Capillarity is described with relation to the behavior of liquids in tubes of small diameter, i.e., capillary tubes, and is a consequence of surface tension. The phenomenon whereby liquids rise or are depressed in capillary tubes is known as capillarity or capillary action. For example, it is seen in the rise of oil in a lamp wick and it partly accounts for the ascent of sap in plants. Certain laws relative to capillary action are expressed as follows: (1) liquids rise in tubes of about 3 millimeters diameter or less if they Wet the tubes and the surface is concave upward (in larger tubes the rise or depression is negligible), (2) liquids are depressed in tubes of about 3 millimeters diameter or less if they do not wet the tubes and the surface is convex upward, and (3) the height of elevation or depression varies directly as the surface tension of the liquid and inversely as the radius of the tube and density of the liquid. If adhesion between the liquid and the tube is greater than the cohesion of the liquid, the liquid wets the tube. If cohesion is greater than adhesion the liquid does not wet the tube. For ex ample, in the case of Water and glass, the surface of water in glass is concave downward and with mercury where T is the surface tension of the liquid with respect to the containing wall material, 1' is the radius of the tube, d is the density of the liquid, and g is the gravity constant. Applicationof this natural phenomenon in this invention has been the key to optimum coatings. Capillary flow is an independent feature of this invention not relying or depending upon solution 13 flow into chamber 12, and is a constant process by its own inherent nature. Since meniscus 22 is separated from a source of supply by a capillary aperture or tube, and the meniscus feeding is above the level of the solution supply, dependence is predicated only on capillary flow within the bounds determined by the value of h in the above formula, usually 2 or 3 millimeters. By the same token the coating process is limited by capillary flow. Therefore, proper rotation of roller 20 and tape 21 thereon is best described as being correlated between the linear velocity of the tape past meniscus 22 and the flow of liquid through capillary tubes 16. The number and shape of capillary tubes 16 may be varied to provide more or less coating or higher tape velocity. Maximum tape velocity is of course restricted by velocity of solution flow through the capillary tubes 16. This capillary flow method provides a constant coating of a dielectric on tape 21 regardless of the circulation or slight variations of the level of solution 13 in reservoir 12. The process is self-supplying and self-modulated and may be easily started and stopped at will without affecting the coating apparatus or its operation. Capillary flow is maintained independent of any external means which tend to alter its natural function, i.e., no pressure is exerted on the solution supply or in chamber 12 to force or move solution 13 to the capillary at any greater velocity than its natural velocity, nor it is necessary to maintain the outlet of the capillary tubes on the same plane as the level of solution 13. As described above, the flow through the capillary orifices or tubes 16 is maintained substantially as a natural uninhibited function to provide constant flow condition.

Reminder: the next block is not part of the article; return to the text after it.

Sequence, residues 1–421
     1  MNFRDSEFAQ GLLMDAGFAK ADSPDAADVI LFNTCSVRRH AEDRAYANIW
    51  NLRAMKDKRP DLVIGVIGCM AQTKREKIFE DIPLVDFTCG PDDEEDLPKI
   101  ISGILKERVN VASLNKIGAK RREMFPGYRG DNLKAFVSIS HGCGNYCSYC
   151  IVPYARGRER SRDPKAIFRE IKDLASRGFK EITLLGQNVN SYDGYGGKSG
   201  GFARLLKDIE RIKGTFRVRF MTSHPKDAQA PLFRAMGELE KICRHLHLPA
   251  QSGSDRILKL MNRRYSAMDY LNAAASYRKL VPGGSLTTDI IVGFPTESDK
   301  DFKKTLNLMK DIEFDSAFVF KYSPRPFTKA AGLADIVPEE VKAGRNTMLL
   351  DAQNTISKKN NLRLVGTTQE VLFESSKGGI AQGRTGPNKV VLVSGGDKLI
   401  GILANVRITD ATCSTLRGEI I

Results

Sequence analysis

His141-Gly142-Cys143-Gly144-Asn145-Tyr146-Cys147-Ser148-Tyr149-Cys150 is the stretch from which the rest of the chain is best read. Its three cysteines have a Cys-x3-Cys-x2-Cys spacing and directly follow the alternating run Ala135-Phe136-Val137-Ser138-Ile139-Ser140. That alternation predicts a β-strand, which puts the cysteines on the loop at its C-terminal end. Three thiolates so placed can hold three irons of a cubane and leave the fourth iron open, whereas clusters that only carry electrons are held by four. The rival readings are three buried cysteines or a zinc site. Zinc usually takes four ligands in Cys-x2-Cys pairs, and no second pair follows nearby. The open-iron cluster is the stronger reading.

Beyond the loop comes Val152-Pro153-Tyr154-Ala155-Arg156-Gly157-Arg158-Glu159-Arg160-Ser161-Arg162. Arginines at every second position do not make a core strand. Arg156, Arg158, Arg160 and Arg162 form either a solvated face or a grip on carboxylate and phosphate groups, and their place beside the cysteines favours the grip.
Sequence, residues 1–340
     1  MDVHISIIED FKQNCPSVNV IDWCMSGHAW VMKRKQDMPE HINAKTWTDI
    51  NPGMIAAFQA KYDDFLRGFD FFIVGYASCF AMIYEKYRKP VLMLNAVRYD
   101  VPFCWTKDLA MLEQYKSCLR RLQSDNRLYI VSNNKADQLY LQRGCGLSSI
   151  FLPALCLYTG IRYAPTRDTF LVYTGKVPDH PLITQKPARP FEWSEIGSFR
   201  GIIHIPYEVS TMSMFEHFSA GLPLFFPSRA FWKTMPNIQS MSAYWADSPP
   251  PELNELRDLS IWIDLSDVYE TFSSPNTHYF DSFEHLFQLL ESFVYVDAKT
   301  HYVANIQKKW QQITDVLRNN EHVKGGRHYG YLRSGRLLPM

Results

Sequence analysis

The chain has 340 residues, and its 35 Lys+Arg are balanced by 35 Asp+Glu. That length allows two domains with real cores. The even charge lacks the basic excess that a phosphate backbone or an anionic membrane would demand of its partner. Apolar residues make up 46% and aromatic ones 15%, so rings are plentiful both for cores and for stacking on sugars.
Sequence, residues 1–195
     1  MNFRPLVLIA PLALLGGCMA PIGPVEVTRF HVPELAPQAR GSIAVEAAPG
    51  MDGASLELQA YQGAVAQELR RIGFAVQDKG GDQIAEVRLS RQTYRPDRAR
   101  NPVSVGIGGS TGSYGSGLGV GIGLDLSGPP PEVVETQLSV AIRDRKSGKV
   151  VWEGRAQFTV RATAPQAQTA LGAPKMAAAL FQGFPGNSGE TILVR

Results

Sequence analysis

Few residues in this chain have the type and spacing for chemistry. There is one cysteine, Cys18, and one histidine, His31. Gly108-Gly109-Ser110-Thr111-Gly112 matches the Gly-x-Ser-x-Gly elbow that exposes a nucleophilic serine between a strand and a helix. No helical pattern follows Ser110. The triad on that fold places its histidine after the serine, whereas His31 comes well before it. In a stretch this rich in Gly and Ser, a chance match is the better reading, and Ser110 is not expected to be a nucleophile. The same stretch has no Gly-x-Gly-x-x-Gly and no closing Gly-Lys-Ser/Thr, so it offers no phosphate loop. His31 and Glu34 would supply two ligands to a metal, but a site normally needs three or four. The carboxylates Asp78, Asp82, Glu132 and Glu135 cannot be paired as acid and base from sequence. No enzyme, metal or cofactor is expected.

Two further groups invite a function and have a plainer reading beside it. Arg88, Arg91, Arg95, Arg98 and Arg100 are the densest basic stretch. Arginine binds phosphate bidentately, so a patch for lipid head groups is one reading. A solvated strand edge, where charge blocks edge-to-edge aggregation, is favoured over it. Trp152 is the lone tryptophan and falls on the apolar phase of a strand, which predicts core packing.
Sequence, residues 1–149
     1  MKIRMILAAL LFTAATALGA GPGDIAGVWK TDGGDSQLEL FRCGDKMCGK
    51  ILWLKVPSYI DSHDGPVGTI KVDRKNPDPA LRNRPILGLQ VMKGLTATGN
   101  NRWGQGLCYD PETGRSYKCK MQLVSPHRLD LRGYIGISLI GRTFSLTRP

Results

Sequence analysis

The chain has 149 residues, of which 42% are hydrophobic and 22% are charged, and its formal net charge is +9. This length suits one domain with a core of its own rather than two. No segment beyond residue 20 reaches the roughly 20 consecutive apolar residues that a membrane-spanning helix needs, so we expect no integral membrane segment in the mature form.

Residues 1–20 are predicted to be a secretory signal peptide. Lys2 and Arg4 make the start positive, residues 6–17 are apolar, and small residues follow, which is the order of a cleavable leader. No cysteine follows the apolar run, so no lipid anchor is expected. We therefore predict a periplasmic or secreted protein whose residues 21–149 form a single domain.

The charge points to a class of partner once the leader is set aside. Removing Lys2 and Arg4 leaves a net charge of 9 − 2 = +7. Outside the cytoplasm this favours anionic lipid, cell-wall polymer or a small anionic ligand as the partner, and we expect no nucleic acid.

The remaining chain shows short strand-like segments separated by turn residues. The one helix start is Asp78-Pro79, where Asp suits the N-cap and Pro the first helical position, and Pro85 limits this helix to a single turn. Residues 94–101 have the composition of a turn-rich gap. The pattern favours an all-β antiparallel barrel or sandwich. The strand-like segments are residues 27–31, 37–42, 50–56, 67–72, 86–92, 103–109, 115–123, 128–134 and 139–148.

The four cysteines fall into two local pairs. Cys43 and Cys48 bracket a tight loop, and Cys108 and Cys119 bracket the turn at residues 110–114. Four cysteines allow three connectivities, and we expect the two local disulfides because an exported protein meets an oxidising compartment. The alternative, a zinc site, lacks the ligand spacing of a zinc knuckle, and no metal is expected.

It has been discovered that as a result of the use of this apparatus and process a more uniform or smooth coating is obtained as compared to other processes. One of the more important features contributing to smoothness is the angle 0. The angle 0 is best described as an angle having as one leg, a line drawn as a tangent to the: circumference of roller 20 at the leaving direction of the; tape and leaving or lagging portion of meniscus 22. The
other leg is the vertical plane between the roller 20 and head 11. Reference is made to the angle 0 in FIG. 1.
It can be easily understood that variations,v in the size,
of the meniscus Z2 affect the angle 6, with size of the meniscus also being a function of solution flow and variations in how as well as density, surface tension, etc. Flow, however, is more important and the capillary feature of this invention is the prime factor in automatically controlling flow so that the meniscus maintains a constant size thereby maintaining the angle 6 constant. Those skilled in the coating art will recognize the angle 6 as determining the amount of coating liquid which drains back from the tape to the meniscus during the coating operation to influence coating thickness and uniformity. inability to maintain angle 6 constant is a principal difliculty with other meniscus coating methods. For example, some methods control the flow of coating liquid to the meniscus by attempting to maintain a solution level equal to the level of a meniscus, or by predetermining flow. Such problems of ultra precise flow control are effectively eliminated.